Tintang Dugo

Ni Kenneth Michael L. Dalimbang
Spoken Word Poetry

Ako si Kenneth, isang pangkaraniwang mag-aaral
Tinatahak ang mabatong daan at nagsisihulugang tuyong dahon
Sa ilalim ng mga puno, pasan ang alaala ng masayang kahapon
Na sa isang iglap ay nawala sa pagkakadapang
Hindi na makakabangon.

Sa unang tapak sa kolehiyo mundo’y tila bago
Blangkong papel nasa harap, panulat hawak ng daliring nakapiko,
Magsasalaysay ng mga bago kong kuwento,
Ngunit sa pagdami ng naisulat, ang tinta ay naging dugo—

Dugo na di nakikita sa aking balat
Dugo na dumadanak mula sa panloob na sugat.
Dugo ang tinta, at walang hanggan ko nang isusulat
Ang hinagpis na dulot ng pagkakamaling
Sa iba’y hindi maisusumbat.

Ito rin ang dugo sa kumot na di na maitatago
Dugong nagpatalas sa mapurol na kutsilyo
Kutsilyo na humiwa sa mga pangarap ko
Kutsilyong patuloy na gumugutay sa aking puso.

Puso at dugo, dito nabuo
Ang batang may bitbit ng madugong kutsilyo
Hulma ng tao na magkakaroon na ng pulso
Puso at dugo, puso at dugo
Buhay sa sinapupunan ng babaeng iba ang tribu.

Ako si Kenneth, isang katutubo
Lumaki sa kulturang Tboli, bitbit ang pangalan ng aking tribu
Na inalagaan at pinahalagahan mula pa sa aking mga ninuno
Na aking nayurakan, nadumihan, at hindi na maiwawasto.

Tatang, Nanang, Nay, Tay, Ate, Kuya, Tita, Tito, patawad sa aking pagkabigo.
Patawad, patawad, inyong pangarap sa ’kin gumuho.
Ako’y lunod na sa luhang patuloy na tumutulo
At sa ’king muling pagpikit, hihiling na sa paggising
Magiging panaginip ang lahat ng ’to

O kaya sana nga ’wag na akong magising
Sa bangungot na di na kayang tiisin—
Ang maitali sa responsibilidad at maglakad sa altar ng kapatid kong mga Muslim,
Ang bumuhay ng sanggol at magmahal ng taong hindi ko pa handang mahalin.

Hindi na ako makakatakas
Palabas
Sa hampas
Ng katotohanang walang lunas.
Marahil ang pagpapatiwakal gamit ang taling paitaas
Ay mas mabuti kaysa maitali nang buhay sa kamay ng kanilang batas.

Ako si Kenneth, isang batang magiging ama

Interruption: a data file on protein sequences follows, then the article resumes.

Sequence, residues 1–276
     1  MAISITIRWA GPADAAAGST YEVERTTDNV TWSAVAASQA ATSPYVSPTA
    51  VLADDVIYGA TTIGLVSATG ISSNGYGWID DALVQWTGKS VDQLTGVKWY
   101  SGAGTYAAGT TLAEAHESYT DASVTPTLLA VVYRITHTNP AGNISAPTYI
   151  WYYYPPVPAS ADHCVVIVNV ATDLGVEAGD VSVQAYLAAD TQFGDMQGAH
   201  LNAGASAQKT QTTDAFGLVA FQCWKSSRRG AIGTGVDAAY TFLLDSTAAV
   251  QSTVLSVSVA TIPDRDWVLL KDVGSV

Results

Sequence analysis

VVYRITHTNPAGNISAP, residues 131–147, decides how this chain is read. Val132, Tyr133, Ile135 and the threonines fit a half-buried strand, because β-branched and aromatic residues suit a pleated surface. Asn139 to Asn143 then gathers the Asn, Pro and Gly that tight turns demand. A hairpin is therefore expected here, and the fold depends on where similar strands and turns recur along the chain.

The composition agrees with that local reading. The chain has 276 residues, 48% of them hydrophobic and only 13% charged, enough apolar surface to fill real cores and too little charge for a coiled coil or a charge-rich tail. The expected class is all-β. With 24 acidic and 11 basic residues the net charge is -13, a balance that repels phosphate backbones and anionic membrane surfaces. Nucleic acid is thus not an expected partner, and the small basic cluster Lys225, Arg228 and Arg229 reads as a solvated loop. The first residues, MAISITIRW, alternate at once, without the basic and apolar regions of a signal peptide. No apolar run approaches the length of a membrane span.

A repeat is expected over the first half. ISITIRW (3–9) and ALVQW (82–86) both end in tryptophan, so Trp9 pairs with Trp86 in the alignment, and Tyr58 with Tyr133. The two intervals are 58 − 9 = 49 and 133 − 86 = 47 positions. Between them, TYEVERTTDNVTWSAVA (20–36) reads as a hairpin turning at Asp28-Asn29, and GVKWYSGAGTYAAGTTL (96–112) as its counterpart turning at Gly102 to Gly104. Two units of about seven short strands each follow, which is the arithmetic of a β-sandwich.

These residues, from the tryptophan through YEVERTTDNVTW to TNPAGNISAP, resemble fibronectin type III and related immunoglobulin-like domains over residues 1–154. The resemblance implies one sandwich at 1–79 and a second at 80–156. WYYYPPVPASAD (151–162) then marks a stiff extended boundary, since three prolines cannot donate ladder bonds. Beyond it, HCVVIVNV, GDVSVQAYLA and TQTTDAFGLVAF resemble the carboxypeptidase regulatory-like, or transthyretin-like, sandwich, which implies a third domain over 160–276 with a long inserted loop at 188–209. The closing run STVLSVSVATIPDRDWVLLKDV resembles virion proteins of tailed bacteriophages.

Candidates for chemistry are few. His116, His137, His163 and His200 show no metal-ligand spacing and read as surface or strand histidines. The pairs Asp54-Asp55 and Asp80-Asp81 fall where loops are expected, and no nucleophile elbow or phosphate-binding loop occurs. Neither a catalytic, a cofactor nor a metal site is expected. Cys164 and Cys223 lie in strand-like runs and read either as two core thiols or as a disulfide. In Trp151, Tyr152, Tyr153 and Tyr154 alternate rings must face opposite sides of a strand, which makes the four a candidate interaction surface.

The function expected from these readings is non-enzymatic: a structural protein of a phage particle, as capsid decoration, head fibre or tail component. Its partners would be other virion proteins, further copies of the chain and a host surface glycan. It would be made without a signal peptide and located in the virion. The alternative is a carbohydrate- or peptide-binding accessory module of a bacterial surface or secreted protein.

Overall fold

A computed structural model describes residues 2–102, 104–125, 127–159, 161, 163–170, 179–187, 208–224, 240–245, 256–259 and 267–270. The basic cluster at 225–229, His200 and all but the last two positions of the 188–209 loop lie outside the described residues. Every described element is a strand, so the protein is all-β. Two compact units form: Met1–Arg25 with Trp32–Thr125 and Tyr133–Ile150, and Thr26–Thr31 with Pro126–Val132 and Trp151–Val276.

Karaniwang mag-aaral, katutubong narehas ng maling pasya,
Naglalakad nang nakapiring, hubad ang mga paa.
Sa mundong puno ng mapanghusga, nawa’y tulungan mo ako o kaya’y
Kunin mo na ako, Ama.

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Editors and Contributors

EDITORS

Eric Gerard H. Nebran is an educator and illustrator from General Santos City. He is currently a PhD Comparative Literature student at the University of the Philippines–Diliman. His research interests include orality, history, and literary productions of his hometown.

Jude Ortega is the author of the short story collection Seekers of Spirits (University of the Philippines Press, 2018) and has been a fellow for fiction at two regional and four national writers workshops. In 2015, his stories received honorable mention at the inaugural F. Sionil José Young Writers Awards and at the Nick Joaquin Literary Awards. He divides his time between Senator Ninoy Aquino and Isulan, both in Sultan Kudarat.

CONTRIBUTORS

Anna Liz Cabrido is from Koronadal City, South Cotabato, and works for the provincial government, handling the open communications projects such as “Chikaha si Gobernadora” and “Hinun-anon sa Barangay.” Bulawan, her play for this issue, has been staged years ago by Apat sa Taglamig, a Koronadal-based theater group, and recently as part of the Integrity Week of the provincial government.

Kenneth Michael L. Dalimbang is a Tboli spoken word artist from Maitum, Sarangani Province. He is a member of the volunteer organization Katutubo Exchange Philippines and a college student at Edenton Mission College Inc.

Henry G. Dalon, the translator of the song “Kastifun,” teaches at Koronadal National Comprehensive High School–Senior High School. He is a member of the Blaan tribe, and he earned his AB Filipino degree at Mindanao State University in General Santos City.

John Carlo S. Gloria earned his Bachelor in Secondary Education (major in Filipino) at Philippine Normal University. He is currently teaching language and literature at the University of Sto. Tomas and at the Loyola Schools of Ateneo de Manila University.

Mark Banday Lu is a Dulangan Manobo with Maguindanon and Chinese blood. He works in his family’s farm in Palimbang, Sultan Kudarat. Sambiling Banday, his maternal grandfather and whose story appears in this issue, was a tribal healer in Senator Ninoy Aquino, Sultan Kudarat.

Mary Ann S. Ordinario is the director of ABC Educational Development Center, a school for children in Kidapawan City, Cotabato Province. She is the author of twenty-five children’s books. Her book The Crying Trees won the 2016 Grand Prize in the Samsung KidsTime Authors Award in Singapore, while four of her other books won the second prize. These books also won Best Short Story for Children in the Catholic Mass Media Awards and were distributed in Asian countries and translated into Bahasa Indonesia and Japanese. Her famous book War Makes Me Sad is used in therapy sessions for children, and her book My Muslim Friend was published by the Christian Child Welfare in Japan.

Silek Musical Ensemble hails from Tampakan, South Cotabato. It is composed of lead singer, guitarist, faglong player, and composer Pammie Malayon, singer and percussionist Jeanalyn Sanuhay–Wales Lerios, percussionist and coordinator Jose Nilo Vargas, wind instrument player and percussionist Arbie Lerios, bassist Nestor Padal, and drummer Alexander Oracion. The word silek means “new generation.”